In the years ahead, Van de Kamp was not shy about suing. His adversary in the 1982 Democratic primary for attorney general, then-state Sen. Omer Rains of Ventura, now comments: “He certainly did give more than lip service to consumer protection and environmental protection.”
For example, Van de Kamp in 1986 secured a permanent injunction, pursuant to a stipulation, against false claims by Herbalife…such as “[r]epresenting that one who uses defendants’ products will lose weight without a reduction in the user’s caloric intake.” Herbalife was ordered to pay the state $850,000 “as and for reimbursement to plaintiffs for costs, attorneys fees, expenses of investigation and other expenses.”
In 1987, Van de Kamp obtained a ruling by the U.S. Supreme Court that a California Coastal Commission permit requirement was not preempted by federal law.
Van de Kamp sued to block the merger of the Lucky and the Alpha Beta supermarket chains, contending the result would be reduced competition and higher grocery prices. A settlement was reached in 1990 after the U.S. Supreme Court confirmed California’s power to pursue the litigation even though the purchase of the Lucky stores had been completed in 1988. It was agreed that American Stores, which owned the two erstwhile rivals, would convert 14 Alpha Beta markets into Lucky markets, but would sell 152 of its 175 Alpha Beta outlets in Southern California, as well as nine Lucky stores, within five years. American Stores was to pay the state $550,000 for its costs.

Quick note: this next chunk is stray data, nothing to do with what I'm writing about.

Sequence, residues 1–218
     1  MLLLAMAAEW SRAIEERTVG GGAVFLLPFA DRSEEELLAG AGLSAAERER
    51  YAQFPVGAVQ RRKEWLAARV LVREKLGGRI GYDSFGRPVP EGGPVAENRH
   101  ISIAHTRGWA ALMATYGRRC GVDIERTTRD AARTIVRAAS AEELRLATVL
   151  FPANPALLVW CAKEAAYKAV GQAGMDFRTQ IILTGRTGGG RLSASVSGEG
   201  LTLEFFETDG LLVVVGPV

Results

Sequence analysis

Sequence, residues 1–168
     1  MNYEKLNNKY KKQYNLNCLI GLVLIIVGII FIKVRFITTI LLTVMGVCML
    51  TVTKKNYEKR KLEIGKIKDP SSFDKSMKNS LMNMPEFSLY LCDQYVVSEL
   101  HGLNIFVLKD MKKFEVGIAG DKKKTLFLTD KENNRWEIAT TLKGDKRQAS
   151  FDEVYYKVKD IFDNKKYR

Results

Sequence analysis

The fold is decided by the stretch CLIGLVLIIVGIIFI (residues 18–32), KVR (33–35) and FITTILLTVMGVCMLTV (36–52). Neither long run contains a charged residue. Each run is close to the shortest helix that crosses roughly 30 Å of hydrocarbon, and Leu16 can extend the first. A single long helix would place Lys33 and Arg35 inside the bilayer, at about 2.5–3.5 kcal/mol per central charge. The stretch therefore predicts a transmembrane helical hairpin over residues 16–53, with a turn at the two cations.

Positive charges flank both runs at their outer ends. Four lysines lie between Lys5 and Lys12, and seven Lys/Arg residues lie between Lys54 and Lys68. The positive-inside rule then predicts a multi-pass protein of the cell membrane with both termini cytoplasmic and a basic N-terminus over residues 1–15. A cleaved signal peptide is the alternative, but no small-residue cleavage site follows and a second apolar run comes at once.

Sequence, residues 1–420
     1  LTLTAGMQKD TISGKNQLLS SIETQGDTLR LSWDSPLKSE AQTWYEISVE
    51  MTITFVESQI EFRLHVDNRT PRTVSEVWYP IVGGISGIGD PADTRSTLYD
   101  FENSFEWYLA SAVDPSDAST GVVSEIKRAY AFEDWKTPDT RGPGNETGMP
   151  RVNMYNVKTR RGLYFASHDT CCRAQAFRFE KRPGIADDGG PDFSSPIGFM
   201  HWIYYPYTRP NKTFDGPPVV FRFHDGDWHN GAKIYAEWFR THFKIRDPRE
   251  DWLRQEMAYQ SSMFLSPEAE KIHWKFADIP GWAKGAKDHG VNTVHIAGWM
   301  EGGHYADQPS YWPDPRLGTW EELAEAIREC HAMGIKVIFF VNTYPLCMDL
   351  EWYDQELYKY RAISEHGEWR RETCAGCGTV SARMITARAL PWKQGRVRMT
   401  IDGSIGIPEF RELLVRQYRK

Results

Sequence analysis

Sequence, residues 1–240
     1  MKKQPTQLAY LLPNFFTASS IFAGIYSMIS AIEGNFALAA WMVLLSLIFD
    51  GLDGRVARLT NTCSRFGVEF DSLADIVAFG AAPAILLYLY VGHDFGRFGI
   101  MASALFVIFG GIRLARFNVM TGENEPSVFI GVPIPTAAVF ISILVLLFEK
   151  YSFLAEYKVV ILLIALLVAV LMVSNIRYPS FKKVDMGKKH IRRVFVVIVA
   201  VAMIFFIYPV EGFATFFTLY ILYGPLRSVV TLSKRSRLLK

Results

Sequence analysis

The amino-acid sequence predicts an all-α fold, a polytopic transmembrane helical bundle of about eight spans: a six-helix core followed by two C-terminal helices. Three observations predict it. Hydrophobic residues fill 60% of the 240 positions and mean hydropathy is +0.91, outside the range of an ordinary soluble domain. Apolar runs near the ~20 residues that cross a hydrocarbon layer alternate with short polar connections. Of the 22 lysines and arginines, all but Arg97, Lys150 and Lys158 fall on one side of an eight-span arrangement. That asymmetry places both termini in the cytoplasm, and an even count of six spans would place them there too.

In the criminal area, the AG sought changes. One was that he wanted DNA tests to be admitted into evidence. A Jan. 25, 1989 article in the Los Angeles Times quotes him as telling the California District Attorneys’ Assn. the previous day at a meeting in Palm Springs:
“One year ago this month, I stood before a room full of police and prosecutors who were eager to use DNA technology to convict murderers, rapists and other violent criminals. They were waiting for a green light. But I had to give them a stop sign instead.”